As PFAS regulations roll out globally, restrictions and difficulties will impact companies across all industry verticals. Those who begin to scope and prepare now will not only take the most cost-effective approach to building resilience to regulatory change but will also certainly build a competitive advantage.

*Author’s note: At the time of submission, the U.S. EPA had not yet issued their PFAS ruling. The EPA could change to the final rule, for example, by excluding articles or adjusting the list of substances which require reporting.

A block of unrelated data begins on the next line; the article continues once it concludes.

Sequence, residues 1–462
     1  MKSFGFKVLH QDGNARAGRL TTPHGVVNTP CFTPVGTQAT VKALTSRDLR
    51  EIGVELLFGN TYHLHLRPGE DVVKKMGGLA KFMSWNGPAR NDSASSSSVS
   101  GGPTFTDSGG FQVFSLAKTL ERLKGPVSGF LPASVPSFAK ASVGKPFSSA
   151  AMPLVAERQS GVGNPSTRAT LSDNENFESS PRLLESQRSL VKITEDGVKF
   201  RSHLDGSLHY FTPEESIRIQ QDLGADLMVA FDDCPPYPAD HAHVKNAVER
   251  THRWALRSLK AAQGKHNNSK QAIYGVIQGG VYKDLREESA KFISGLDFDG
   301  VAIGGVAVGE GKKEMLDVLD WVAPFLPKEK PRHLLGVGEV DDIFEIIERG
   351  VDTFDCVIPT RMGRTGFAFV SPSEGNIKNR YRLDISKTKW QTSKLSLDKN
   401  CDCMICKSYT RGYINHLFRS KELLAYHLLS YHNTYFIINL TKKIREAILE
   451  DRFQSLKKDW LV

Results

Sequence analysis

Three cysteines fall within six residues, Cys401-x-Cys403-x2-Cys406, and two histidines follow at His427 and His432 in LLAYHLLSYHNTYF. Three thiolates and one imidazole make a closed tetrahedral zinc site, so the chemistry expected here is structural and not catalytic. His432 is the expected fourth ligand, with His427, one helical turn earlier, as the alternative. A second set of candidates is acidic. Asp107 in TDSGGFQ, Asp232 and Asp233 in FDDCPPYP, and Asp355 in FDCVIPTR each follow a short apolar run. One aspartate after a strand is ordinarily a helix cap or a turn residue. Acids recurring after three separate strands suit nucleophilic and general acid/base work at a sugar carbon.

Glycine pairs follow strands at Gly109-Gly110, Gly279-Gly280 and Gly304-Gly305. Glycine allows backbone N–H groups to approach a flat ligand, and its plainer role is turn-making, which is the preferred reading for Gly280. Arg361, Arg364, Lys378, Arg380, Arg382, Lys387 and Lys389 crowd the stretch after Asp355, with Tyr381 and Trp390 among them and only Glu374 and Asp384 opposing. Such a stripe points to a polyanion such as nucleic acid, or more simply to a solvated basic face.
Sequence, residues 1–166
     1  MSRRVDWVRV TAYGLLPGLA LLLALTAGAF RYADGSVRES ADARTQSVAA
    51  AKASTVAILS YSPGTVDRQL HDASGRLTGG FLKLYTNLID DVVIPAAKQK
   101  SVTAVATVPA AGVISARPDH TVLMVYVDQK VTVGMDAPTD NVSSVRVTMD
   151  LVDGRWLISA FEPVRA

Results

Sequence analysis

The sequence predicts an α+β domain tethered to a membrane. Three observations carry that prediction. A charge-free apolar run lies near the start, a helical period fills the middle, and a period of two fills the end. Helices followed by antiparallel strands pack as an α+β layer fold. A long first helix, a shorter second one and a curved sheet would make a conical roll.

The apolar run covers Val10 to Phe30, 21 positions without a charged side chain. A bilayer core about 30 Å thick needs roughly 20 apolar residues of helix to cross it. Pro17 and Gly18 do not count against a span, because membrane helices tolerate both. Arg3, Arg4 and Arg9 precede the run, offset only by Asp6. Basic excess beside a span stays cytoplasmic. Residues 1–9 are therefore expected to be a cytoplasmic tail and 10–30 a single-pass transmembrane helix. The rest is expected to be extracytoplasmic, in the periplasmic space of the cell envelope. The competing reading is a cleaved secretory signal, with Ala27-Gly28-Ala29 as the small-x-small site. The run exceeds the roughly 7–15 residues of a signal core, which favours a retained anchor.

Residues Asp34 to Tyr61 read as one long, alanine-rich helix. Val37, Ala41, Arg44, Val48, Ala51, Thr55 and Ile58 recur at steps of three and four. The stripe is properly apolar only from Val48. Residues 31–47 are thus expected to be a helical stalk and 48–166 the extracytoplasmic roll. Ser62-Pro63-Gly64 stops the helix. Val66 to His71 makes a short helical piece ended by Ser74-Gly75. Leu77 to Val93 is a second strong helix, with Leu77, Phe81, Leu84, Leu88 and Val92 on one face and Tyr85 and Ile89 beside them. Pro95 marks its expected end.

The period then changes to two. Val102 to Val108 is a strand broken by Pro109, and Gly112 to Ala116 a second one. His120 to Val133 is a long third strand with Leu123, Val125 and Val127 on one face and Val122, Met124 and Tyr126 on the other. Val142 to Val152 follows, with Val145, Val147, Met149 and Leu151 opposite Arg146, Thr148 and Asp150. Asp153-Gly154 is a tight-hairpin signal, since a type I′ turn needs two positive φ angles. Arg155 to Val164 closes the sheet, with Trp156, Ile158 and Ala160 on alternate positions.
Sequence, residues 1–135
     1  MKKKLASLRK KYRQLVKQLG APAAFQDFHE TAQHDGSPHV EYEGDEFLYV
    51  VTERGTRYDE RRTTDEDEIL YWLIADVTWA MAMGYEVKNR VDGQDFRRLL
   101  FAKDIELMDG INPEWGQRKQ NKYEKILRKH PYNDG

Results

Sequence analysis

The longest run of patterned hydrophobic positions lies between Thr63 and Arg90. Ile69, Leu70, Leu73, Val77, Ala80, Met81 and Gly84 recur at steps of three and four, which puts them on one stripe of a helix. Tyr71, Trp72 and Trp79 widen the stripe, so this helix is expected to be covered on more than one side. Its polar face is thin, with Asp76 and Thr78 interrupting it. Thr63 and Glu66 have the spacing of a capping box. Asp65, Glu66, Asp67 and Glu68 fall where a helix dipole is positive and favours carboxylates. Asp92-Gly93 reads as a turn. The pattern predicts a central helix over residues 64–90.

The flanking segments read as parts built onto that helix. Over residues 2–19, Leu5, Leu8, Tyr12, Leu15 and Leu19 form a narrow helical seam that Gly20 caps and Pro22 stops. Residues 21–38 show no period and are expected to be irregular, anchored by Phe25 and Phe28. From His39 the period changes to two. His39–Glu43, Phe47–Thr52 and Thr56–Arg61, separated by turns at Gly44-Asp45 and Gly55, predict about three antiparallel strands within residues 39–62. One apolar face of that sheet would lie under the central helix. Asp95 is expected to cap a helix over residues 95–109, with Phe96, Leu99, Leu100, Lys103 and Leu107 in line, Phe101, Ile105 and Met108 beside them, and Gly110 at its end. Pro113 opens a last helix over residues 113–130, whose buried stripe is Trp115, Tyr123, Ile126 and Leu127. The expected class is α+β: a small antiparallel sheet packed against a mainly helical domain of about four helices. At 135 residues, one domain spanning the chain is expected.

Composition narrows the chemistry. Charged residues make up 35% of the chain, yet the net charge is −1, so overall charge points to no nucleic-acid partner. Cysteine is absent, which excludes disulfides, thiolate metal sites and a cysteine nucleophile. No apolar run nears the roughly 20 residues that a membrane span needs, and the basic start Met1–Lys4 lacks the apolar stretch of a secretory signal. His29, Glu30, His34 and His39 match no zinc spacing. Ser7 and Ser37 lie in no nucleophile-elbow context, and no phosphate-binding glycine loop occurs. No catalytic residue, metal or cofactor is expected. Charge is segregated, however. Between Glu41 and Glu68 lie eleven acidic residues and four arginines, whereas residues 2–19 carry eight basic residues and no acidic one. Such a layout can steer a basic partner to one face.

Guest Author

Cally Edgren Assent

(Credit: Cally Edgren)

Cally Edgren is Assent’s Director of Sustainability and a subject matter expert on PFAS regulations. Cally is a proven compliance program leader with experience developing, communicating, and executing company goals and strategies. She is a subject matter expert on product materials compliance as well as market access certifications and has a background in program and process development to support regulatory compliance requirements. Cally possesses over 28 years of experience in developing and managing global compliance programs for manufacturers at Rockwell Automation and Kohler Co.